Tuesday, December 15, 2009

Classic Rewind: 'High Sierra' (1941)

By Chase Kahn

Raoul Walsh's High Sierra ('41) was the last film that Humphrey Bogart made in his career in which his name did not receive top billing. Watching the film today, it's obvious why. Bogart, as the newly-released-from-prison, notorious bank robber Roy 'Mad Dog' Earle, is magnetic and stoically iconic. His seemingly disproportionate head size making for a threatening profile via shadowy noir-thrillers of the late 30's and 40's, featuring running-clock, last-ditch tough guys and the dames who are so attracted to their fedoras, their wealth, and the gun.
Ida Lupino is the first name listed on the credits for High Sierra, a film not without faults to be frank with you. The screenplay was written by W.R. Burnett and John Huston (before he would go on to direct Bogart himself in countless other noirs and adventures throughout the 40's and 50's) and it tells the simple story of an outlaw, granted a new lease on life, who desperately, though secretly, wishes to retire from his aimless existence as a bad-tempered baddie and find some purpose.

He intially finds it in a young, crippled girl named Velma (played by Joan Leslie in her first major screen role), whom Roy (Bogart) decides to help by funding her operation to get her walking again. It's also here where the film tends to border between mawkish laziness and genuine character-building.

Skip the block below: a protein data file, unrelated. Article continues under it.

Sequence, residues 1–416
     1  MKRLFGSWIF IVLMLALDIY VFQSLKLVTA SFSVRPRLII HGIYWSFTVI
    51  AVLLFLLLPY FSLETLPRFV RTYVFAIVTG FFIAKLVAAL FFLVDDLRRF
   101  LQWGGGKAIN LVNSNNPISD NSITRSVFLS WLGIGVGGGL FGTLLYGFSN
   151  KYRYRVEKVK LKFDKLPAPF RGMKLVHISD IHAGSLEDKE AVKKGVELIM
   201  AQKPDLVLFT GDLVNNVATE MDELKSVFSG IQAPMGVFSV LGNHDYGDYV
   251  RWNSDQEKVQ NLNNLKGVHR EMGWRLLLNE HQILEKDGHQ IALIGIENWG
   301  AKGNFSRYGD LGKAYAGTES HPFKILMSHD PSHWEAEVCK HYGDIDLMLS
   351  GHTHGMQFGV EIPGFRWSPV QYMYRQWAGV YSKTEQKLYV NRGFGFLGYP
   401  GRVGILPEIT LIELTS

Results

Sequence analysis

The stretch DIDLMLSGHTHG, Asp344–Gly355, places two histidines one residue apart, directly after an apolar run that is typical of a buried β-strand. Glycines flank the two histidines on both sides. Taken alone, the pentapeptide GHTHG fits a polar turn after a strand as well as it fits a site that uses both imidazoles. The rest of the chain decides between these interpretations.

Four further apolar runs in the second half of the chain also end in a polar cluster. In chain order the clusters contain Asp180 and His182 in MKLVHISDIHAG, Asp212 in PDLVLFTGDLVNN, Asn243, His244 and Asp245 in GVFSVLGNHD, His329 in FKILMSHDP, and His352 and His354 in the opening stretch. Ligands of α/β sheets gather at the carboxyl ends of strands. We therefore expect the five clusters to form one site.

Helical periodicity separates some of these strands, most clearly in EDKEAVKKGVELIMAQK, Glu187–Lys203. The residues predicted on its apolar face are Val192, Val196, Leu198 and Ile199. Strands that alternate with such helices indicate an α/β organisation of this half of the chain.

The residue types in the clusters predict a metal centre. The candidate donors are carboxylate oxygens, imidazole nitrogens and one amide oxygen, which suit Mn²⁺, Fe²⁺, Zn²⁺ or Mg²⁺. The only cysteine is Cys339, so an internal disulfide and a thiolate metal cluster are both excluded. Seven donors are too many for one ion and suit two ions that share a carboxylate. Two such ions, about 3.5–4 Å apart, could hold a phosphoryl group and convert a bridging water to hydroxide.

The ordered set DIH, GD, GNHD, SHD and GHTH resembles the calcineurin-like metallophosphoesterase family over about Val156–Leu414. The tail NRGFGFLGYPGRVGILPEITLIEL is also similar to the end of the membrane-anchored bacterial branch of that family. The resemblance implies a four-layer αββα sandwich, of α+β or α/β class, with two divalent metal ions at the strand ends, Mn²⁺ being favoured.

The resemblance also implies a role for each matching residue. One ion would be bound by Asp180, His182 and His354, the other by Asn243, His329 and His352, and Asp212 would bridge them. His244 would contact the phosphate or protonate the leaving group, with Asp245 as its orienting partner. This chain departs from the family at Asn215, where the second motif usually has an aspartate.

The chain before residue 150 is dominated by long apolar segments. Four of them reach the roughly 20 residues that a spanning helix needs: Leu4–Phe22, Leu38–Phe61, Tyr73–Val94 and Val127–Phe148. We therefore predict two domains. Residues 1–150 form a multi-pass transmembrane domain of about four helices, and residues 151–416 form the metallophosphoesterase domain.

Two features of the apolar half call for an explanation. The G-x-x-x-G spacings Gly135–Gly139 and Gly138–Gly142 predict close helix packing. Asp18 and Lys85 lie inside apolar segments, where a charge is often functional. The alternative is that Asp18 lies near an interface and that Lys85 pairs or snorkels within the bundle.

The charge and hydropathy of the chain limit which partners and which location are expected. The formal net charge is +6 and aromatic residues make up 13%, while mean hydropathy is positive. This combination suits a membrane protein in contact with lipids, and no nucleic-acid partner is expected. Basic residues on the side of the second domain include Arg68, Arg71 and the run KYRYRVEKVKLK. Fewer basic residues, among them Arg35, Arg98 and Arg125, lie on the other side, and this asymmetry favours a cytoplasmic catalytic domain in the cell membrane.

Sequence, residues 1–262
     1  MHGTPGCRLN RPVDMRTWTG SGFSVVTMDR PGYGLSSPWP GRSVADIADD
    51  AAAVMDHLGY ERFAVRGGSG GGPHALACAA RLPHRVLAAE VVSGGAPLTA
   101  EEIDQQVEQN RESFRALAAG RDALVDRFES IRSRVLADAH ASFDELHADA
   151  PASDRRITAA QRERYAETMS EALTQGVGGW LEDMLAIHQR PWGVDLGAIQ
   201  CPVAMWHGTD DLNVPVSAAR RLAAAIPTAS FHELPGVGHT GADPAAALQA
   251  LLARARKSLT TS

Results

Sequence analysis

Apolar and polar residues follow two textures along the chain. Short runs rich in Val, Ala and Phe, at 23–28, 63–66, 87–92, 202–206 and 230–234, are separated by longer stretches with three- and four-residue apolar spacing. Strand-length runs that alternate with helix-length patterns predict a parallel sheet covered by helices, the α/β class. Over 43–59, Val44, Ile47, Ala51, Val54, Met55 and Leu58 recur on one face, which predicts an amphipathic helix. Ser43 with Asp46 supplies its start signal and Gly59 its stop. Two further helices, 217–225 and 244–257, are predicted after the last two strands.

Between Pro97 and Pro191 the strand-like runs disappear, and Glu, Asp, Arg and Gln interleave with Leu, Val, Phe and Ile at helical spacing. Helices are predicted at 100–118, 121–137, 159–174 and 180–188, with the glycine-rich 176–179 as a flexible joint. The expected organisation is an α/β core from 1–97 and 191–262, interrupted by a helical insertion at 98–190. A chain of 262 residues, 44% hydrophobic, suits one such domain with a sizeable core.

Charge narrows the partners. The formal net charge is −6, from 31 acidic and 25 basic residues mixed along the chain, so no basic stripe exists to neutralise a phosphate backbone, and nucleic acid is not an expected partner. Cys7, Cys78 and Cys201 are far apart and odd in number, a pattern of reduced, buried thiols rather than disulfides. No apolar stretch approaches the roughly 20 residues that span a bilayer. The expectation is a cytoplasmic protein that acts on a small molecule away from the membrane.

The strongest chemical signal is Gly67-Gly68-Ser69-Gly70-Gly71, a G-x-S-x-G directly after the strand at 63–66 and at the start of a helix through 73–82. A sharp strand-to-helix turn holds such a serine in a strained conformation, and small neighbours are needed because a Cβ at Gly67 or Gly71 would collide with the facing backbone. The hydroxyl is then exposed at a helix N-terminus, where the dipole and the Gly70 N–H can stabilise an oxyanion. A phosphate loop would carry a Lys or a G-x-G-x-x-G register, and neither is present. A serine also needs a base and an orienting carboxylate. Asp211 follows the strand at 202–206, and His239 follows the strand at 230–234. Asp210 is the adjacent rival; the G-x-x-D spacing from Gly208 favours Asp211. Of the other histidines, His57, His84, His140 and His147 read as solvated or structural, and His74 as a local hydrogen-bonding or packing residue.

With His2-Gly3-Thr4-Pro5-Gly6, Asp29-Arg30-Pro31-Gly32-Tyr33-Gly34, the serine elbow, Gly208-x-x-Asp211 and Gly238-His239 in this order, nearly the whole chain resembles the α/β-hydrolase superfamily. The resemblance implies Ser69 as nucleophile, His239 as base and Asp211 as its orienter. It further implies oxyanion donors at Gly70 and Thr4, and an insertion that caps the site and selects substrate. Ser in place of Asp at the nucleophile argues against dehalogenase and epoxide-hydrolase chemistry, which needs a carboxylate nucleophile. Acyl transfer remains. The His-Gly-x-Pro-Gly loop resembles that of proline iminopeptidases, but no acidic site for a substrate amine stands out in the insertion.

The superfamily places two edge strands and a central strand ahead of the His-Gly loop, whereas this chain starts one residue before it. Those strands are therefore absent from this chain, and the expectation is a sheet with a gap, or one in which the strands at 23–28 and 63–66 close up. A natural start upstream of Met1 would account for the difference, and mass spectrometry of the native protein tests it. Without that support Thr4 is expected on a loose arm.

A relationship between Roy and a scruffy dog named Pard and a heavily-stereotyped African-American lodgehand named Algernon also date the film somewhat, but most inexcusable of all are the plot holes in Burnett and Huston's script involving key decisions by characters.

Nevertheless, High Sierra tells a story of a man looking for redemption and finding none of it - a classical plotline for the noirish gangster/crime films of Michael Curtiz, Archie Mayo, Raoul Walsh and later, John Huston. And for the most part, it succeeds, but mostly because of Humphrey Bogart, in his star-making role. There is also some very nice on-location shooting in the Sierra Mountains, and a particularly wonderful T-model mountainside car chase - one of the few times where the shot composition and editing are first-rate.

I think High Sierra is a minor film in the pantheon of the gritty crime films that Warner Bros. was so well-known for at the time, but it is certainly a major film in the career of Humphrey Bogart, who would rightfully replace James Cagney as the flag-bearing baddie of the silver screen throughout the 1940's, a decade that would prove to be kind to him.

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